DC Metro Repairs Are Still Flouting Safety Standards, Ignoring Threats

Steve Birr | Vice Reporter

New questions over the culture at D.C. Metro arose after federal inspectors overseeing the plagued system found more than 100 safety issues and violations of worker policy throughout the first two rounds of SafeTrack repairs.

The Federal Transit Authority (FTA) released updated statistics Thursday afternoon on the progress of SafeTrack, D.C. Metro’s aggressive 10-month plan to fix the beleaguered transit system. Inspectors revealed troubling details of the way repairs have been conducted in the first two Surges of SafeTrack, observing 109 track defects in recently repaired tunnels, reports The Washington Post.

Inspectors said 34 of those maintenance issues have not been fixed by Washington Metropolitan Area Transit Authority (WMATA) workers. Eight defects between the East Falls Church and Ballston stations and 26 defects between the Eastern Market and Benning Road stations have yet to be addressed.

“FTA safety inspectors assess both the condition of critcal infrastructure and how well WMATA follows its own procedures, rules and safety standards,” states the FTA SafeTrack update. “FTA required WMATA to take remedial actions to correct safety deficiencies identified during SafeTrack inspections such as for failure to comply with roadway worker protection rules, inconsistencies in following track maintenance standards and lack of procedures to ensure metal banding debris is not placed next to the electrified third rail.”

The FTA took control of oversight for the D.C. Metro system in October, following several safety failures including the death of a woman who suffocated during a tunnel track fire. Since federal oversight began FTA officials have conducted more than 200 inspections of the system, finding more than 1100 track defects. Many of those defects have still yet to be addressed by Metro officials. (RELATED: Another DC Metro Train Blasts Through Stop Signal)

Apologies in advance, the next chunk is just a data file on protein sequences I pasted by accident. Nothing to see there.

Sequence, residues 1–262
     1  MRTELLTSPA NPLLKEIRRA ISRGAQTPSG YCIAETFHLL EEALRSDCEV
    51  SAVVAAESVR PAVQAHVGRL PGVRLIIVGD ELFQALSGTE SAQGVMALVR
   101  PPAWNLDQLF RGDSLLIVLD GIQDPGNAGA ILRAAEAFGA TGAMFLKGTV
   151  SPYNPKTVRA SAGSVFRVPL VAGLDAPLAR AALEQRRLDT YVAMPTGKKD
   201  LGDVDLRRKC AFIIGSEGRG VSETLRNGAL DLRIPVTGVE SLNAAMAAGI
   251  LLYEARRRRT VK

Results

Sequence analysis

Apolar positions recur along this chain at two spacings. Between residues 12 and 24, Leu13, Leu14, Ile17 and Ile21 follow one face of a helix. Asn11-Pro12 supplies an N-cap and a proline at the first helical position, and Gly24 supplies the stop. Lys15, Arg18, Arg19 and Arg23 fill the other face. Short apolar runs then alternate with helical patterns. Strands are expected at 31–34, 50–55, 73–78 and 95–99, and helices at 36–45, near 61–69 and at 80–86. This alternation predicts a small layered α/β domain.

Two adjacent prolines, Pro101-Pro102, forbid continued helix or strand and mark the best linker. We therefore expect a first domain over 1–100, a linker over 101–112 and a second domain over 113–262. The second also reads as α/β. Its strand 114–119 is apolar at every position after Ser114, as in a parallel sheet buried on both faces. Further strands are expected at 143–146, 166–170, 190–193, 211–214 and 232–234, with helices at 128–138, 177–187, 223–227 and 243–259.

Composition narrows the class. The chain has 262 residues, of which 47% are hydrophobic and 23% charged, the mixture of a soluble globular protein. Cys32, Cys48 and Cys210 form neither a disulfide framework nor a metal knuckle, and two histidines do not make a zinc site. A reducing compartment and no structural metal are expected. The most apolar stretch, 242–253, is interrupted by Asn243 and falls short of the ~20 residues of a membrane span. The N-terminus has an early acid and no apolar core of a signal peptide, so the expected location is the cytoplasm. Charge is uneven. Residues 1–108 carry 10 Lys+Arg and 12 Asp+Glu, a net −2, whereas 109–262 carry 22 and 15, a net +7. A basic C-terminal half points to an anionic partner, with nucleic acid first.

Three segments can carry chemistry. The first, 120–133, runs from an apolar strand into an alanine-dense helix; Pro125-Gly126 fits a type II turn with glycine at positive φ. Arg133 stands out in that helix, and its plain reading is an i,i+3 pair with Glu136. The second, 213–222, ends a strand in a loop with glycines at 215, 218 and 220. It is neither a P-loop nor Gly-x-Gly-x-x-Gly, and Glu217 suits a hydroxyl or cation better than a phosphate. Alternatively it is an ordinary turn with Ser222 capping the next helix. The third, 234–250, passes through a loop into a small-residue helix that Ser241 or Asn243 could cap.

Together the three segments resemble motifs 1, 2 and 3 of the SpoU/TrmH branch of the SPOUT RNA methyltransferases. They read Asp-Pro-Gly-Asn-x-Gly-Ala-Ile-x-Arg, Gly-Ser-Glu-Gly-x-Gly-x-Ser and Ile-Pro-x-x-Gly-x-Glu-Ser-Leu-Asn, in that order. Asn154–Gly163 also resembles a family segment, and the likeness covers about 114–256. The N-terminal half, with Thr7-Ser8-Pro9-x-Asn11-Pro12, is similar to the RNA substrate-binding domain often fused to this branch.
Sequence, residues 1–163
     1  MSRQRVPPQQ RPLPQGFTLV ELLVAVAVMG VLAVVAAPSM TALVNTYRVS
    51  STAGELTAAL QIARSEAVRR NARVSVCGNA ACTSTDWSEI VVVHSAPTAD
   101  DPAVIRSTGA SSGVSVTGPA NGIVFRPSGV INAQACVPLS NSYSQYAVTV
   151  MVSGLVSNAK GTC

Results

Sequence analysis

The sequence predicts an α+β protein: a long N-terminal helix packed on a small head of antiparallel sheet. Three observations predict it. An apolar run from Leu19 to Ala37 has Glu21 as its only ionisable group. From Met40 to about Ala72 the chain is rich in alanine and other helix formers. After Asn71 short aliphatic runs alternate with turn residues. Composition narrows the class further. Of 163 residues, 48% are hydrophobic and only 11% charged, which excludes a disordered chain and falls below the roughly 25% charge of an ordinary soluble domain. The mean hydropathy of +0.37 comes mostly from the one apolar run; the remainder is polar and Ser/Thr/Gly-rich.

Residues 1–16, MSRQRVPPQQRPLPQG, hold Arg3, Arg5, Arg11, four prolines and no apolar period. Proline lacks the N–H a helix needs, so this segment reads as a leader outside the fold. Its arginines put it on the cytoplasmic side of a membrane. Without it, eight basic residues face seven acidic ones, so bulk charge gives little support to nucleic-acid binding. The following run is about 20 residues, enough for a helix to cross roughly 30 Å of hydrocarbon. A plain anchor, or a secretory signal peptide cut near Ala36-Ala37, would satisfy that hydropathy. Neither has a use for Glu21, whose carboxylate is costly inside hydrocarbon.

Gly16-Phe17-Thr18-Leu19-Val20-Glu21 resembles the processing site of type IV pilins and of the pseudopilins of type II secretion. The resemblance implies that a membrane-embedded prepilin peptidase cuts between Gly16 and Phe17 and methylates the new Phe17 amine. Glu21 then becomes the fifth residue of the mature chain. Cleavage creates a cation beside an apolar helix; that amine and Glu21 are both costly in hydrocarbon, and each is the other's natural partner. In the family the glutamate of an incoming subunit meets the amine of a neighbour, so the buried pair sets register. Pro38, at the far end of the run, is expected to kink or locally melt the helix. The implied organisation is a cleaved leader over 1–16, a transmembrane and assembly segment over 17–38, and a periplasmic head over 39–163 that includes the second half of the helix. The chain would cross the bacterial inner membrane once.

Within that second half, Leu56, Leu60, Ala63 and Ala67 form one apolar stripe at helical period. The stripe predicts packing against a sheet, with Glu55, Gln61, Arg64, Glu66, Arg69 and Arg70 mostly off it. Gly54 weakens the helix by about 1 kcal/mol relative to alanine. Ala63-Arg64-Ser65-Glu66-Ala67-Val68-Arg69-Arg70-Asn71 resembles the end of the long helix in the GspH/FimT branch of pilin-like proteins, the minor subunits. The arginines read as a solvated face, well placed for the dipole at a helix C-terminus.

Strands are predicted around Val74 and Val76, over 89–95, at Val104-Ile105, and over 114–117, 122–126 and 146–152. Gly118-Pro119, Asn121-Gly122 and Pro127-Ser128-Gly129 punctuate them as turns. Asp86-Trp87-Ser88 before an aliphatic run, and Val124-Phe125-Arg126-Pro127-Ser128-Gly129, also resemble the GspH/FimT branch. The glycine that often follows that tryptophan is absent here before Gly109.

Furthermore, over the course of these 200 inspections, FTA officials were denied access to inspect the system 15 times by Metro employees. Officials with the FTA note those occurrences have dropped significantly since the issue was brought to the attention of Metro General Manager Paul Wiedefeld.

D.C. Metro came under scrutiny from FTA inspectors earlier this week after a train blew through a red stop signal during Wednesday morning rush-hour, the second violation by Metro train operators in July. The FTA is still investigating the incident and the operator involved in the safety violation is currently on administrative leave. Metro officials say there have been roughly 50 red signal violations since 2012. This is the second incident this month.

 

“The facts in this matter suggest a blatant disregard for safety that I find profoundly disturbing,” Wiedefeld said in a letter to employees obtain by WAMU. “We need to step back in this moment and understand what a fundamental change in safety culture requires of all of us. Safety is not a slogan. We hold the lives of people in our hands. Making a choice to ignore safety rules puts those lives at risk.”

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